Hi Malc,

"The argument for transfer of powers might BE unanswerable, but that doesn't mean that the people of Wales will vote for it."

True. Apart from death and taxes, though, what is certain? However, I think it would be a big mistake to try and forecast the result of the next referendum through the prism of the last one, for the following reasons:

* The Senedd has been in situ for 10 years. People have seen how it operates, for better and no doubt on occasions for worse, and can make up their own minds free from the same type of scaremongering they were subjected to at the time by the likes of Dr Tim Williams et al.

* None of the arguments ranged against the assembly at the time have come to pass - it is now an accepted part of the Welsh civic landscape, with a level of institutional support which was absent in 1997.

* All four main parties are now agreed that primary legislative powers should be transferred. Therefore, the 'No' camp is likely to resemble a bit of a rag-bag, struggling for funding and political coherence.

In any case, the referendum likely isn't going to be held until next year. That gives the 'Yes' campaign plenty of time to get itself established and get its arguments out there.

You might find these articles quite interesting, from two of the likely leading lights in any 'Yes' campaign:

http://waleshome.org/2010/02/the-end-of-part-three/

http://waleshome.org/2009/12/true-wales-and-aunt-sallies/

Cheers,

Richard

Malc said...

Thanks Richard.

Whatever was the result goes, it will be an important argument in my thesis!

The points you make in response are valid. I wasn't really looking through the 1997 - just pointing out the level of difficulty all the parties will have in convincing voters of the case for enhanced devolution.

The no campaign might not be a "professional" one, but if - as I mentioned - those who were cynical of devolution in AWC consultations get their act together, this referendum campaign probably won't be as easy a ride as you make it out to be!

For what its worth, I think Welsh devolution NEEDS the extra powers delivered in one go - and not the trickle that is happening at the moment. Independently of that (though it does require it) it also needs a yes vote to legitimise the process in the eyes of the Welsh population. Otherwise, its just another tenet of Westminster governance foisted upon people who didn't really want it in the first place.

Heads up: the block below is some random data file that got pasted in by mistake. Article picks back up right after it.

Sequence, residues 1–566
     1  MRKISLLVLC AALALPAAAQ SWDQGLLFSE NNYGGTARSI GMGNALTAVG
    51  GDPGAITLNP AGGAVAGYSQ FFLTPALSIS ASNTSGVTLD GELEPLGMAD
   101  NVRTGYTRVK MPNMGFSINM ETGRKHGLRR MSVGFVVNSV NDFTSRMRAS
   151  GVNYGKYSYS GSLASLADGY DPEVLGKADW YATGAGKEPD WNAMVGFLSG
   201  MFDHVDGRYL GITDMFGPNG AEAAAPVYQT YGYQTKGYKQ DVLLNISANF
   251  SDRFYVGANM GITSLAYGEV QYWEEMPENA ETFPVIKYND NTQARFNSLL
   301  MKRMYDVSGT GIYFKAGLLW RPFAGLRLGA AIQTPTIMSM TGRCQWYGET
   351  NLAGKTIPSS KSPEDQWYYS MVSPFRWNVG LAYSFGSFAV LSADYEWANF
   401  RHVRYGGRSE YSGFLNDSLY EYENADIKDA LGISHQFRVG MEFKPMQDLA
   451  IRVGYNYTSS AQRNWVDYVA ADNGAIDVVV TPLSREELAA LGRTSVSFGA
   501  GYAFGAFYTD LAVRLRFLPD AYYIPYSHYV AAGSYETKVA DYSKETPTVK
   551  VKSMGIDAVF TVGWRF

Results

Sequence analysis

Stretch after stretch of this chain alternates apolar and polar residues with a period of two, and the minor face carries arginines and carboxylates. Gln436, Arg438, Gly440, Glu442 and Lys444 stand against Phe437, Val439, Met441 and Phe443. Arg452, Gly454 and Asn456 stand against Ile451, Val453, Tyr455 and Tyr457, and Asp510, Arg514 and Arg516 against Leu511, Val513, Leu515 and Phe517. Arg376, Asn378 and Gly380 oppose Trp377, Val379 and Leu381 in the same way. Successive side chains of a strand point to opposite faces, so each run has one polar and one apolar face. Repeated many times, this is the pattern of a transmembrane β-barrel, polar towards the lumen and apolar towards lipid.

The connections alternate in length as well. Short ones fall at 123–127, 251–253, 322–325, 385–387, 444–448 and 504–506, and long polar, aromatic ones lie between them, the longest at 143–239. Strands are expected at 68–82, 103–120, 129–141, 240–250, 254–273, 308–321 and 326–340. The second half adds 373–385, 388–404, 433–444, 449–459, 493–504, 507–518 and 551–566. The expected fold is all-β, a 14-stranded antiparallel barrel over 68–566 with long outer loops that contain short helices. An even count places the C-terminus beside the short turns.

Richard Thomson said...

I wouldn't presume to say it will be easy, but it is still a fantastic opportunity in my view, and one which can't be shirked or flinched from.

Judging by the arguments of 'True Wales', they are doing their damndest to recusitate all the old arguments that devolution would be all about higher taxes, jobs for the boys in Cardiff and the slippery slope to seperatism, all wrapped up in the sort of tedious, fraudulent anti-politician rhetoric you get from a Kilroy-Silk or an Archie Stirling.

No doubt there's a solid, if narrow, constituency for these views. However, with the unprecedented cross-party unity in favour of legislative powers, there's a great opportunity to fight a positive, upbeat campaign about bringing power closer to the people and about voters being in charge of the process, which can put the emerging 'No' campaign to the sword - a bit like the 'Yes, Yes' campaign in Scotland put the arguments of Donald Findlay, Brian Monteith and all the other abominable 'no' men of Scottish devolution out of commission.

As you say, it's all about winning legitimacy. This is an opportunity for the Assembly to show that it has indeed won its spurs in the eyes of the electorate :-)

Welsh Ramblings said...

Good blog. Though we're a different country to Scotland and at a different (lesser) stage in our national development, i'm sure comrades in Scotland will be very familiar with the kind of arguments we're going to be up against. It will be a brilliant struggle and it's one we can win.

Richard Thomson said...

Cheers, WR. I'm sure that Scots of all persuasions will be looking on with great interest in the months ahead!

Richard

tris said...

Great result; wonderful start.

Awesome blog too.... so well written. The clearly argued points in your articles make me ashamed of my own much more humble efforts, but you have got a regular reader now in me. :-)

Richard Thomson said...

Thank you, Tris. The blog is due a bit of housekeeping, so I'll reciprocate your link in due course. Feel free to give me a nudge if it doesn't happen in the next week or so!

Regards,

Richard